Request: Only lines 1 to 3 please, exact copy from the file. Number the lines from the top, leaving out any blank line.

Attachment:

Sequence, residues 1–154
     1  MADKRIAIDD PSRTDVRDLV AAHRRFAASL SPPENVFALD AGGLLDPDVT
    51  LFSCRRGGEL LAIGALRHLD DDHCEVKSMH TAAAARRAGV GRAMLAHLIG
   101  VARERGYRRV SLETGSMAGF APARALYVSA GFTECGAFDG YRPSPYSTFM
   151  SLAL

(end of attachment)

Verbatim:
Sequence, residues 1–154
     1  MADKRIAIDD PSRTDVRDLV AAHRRFAASL SPPENVFALD AGGLLDPDVT
    51  LFSCRRGGEL LAIGALRHLD DDHCEVKSMH TAAAARRAGV GRAMLAHLIG